Social media companies have ‘lost support of public’

Social media giants are facing criticism for failing to address issues such as bullying online, Picture: Getty Images/ISTOCKPHOTO
Social media giants are facing criticism for failing to address issues such as bullying online, Picture: Getty Images/ISTOCKPHOTO
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An overwhelming majority of the public believe social media companies do not do enough to tackle bullying, ­illegal activities and the spreading of extremist content on their sites, a major survey has found.

Most people think companies like Facebook and Twitter are not regulated enough (64 per cent) and lack transparency (63 per cent), according to the Edelman Trust Barometer.

Just over half (57 per cent) believe social media firms take advantage of users’ loneliness and 62 per cent think they are selling people’s data without their knowledge (62 per cent), the survey found.

It showed seven in ten people believe social media companies do not do enough to stop illegal or unethical behaviour on their platforms, prevent the sharing of extremist content or do enough to prevent bullying.

Around one-third (34 per cent) do not think social media is a force for good in society.

Facebook, Twitter and other online giants have faced intense criticism from MPs over the way they deal with offensive or extreme content and the UK government has warned they face penalties if they refuse to tighten up ­controls.

Ed Williams, chief executive officer of Edelman UK, said: “After a flood of negative headlines in 2017, it’s time these companies sat up and listened.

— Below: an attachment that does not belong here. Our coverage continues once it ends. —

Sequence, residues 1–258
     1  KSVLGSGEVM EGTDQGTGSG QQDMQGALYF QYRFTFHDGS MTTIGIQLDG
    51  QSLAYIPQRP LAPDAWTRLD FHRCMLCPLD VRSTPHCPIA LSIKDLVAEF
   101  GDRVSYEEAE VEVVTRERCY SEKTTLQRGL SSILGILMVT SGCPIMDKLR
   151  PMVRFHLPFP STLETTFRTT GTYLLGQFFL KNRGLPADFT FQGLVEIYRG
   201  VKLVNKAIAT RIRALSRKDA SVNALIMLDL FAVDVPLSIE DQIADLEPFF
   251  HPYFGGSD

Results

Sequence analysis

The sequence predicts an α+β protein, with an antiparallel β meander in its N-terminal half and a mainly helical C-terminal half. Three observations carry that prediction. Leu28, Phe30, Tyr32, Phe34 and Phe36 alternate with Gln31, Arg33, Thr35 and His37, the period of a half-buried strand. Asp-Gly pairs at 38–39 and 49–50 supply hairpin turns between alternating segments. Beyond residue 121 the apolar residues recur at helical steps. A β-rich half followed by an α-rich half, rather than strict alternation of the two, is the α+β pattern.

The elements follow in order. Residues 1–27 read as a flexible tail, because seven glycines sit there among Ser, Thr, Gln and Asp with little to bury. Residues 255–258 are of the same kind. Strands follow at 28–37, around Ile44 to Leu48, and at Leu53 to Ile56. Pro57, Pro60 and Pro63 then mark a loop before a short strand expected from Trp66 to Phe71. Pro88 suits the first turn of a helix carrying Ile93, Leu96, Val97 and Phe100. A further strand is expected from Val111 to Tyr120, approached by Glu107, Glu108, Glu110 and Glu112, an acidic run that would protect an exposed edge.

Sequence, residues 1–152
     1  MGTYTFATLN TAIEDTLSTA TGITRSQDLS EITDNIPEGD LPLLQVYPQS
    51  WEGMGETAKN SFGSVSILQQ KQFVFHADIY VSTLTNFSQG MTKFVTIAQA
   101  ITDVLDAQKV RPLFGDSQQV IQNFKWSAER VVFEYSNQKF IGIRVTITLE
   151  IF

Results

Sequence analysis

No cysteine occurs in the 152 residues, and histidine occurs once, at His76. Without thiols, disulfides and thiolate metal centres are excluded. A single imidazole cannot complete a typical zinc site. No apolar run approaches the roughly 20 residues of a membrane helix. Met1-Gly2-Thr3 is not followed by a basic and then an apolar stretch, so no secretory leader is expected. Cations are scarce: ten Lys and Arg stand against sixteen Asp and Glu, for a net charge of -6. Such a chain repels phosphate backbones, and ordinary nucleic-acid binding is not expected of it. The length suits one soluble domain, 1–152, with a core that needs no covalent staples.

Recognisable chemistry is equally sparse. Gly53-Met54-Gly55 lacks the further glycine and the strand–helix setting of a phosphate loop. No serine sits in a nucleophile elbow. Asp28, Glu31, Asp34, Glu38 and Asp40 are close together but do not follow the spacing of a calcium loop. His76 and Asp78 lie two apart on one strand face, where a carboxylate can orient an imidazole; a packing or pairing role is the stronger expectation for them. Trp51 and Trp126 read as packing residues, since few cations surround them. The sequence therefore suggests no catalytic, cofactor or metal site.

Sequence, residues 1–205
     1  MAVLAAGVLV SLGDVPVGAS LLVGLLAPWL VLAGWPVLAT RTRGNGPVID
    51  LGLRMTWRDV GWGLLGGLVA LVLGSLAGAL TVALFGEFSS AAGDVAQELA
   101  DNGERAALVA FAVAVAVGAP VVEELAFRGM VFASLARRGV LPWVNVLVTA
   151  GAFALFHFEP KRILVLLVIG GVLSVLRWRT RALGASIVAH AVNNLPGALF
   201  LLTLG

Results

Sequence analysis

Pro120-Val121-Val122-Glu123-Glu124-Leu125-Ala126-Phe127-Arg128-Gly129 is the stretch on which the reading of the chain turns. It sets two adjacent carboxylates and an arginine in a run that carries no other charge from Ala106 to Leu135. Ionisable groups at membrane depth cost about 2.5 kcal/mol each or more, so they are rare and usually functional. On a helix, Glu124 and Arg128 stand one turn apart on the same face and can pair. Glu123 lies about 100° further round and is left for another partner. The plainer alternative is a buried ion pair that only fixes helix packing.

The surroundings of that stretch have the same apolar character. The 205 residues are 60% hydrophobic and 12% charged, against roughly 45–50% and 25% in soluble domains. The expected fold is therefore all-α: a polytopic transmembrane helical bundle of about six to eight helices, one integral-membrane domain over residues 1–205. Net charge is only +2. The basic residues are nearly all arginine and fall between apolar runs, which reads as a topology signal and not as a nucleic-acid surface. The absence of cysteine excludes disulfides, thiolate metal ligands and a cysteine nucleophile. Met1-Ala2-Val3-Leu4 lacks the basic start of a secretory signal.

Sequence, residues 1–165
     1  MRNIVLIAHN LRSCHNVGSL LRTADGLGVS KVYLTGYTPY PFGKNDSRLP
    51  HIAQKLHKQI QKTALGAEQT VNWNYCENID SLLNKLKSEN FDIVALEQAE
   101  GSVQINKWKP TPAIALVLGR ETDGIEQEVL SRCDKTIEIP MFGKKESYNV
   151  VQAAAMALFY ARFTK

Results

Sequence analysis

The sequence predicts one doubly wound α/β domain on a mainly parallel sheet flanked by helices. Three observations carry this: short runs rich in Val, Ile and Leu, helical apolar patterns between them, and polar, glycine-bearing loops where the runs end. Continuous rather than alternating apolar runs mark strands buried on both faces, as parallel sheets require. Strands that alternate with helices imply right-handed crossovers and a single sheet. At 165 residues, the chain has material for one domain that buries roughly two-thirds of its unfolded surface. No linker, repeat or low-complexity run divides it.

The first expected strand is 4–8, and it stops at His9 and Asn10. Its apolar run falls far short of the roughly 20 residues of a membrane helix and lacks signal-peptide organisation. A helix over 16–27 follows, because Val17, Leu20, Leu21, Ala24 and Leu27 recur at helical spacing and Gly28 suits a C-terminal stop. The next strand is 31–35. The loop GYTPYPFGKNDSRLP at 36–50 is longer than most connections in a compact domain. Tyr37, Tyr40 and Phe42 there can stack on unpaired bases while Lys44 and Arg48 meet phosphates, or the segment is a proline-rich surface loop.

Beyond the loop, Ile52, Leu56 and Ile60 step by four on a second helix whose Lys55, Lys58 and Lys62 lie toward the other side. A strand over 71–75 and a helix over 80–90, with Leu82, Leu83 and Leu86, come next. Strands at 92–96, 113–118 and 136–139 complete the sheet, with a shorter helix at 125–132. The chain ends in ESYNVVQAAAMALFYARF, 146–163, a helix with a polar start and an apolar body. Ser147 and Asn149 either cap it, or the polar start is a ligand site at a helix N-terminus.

“The public want action on key issues related to online protection, and to see their concerns addressed through better regulation. Failure on their part to act risks further erosion of trust and therefore public support.”

Earlier this month Facebook founder Mark Zuckerberg announced a major overhaul of the site’s news feed in a bid to quell criticism his company has faced over the dissemination of misinformation, allowing foreign interference in national elections.

The wide-ranging study also found trust in government remains languishing at just 36 per cent, the same as 2017, and 40 per cent believe it abuses its power more than any other pillar of society.

But trust in party leaders Theresa May and Jeremy Corbyn has risen over the last 12 months. The Prime Minister enjoyed a four-point bounce, 35 per cent to 39 per cent, while the Labour leader scored an extra 13 points, 23 per cent to 36 per cent.

According to the research, 39 per cent of the public back Brexit while 43 per cent are opposed and 12 per cent said they did not care either way.

Distrust in business is fuelled mainly by concerns over high executive pay (58 per cent), tax avoidance (56 per cent) and a lack of transparency in business dealings (45 per cent).

Charles Bowman, Lord Mayor of the City of London, and a spokesman for the UK’s financial and professional services sector, said: “With trust in business remaining low, today’s findings show that business has a lot still to do.

“Improving trust in business is the focus of my mayoral year through the Business of Trust programme.”

More than 33,000 respondents took part in 30-minute online interviews from 28 October to 20 November 2017.

The survey included 6,200 “informed public respondents” who were aged 25-64, college-educated; a household income in the top quartile for their age in their country; read or watch business/news media at least several times a week; follow public policy issues in the news at least several times a week.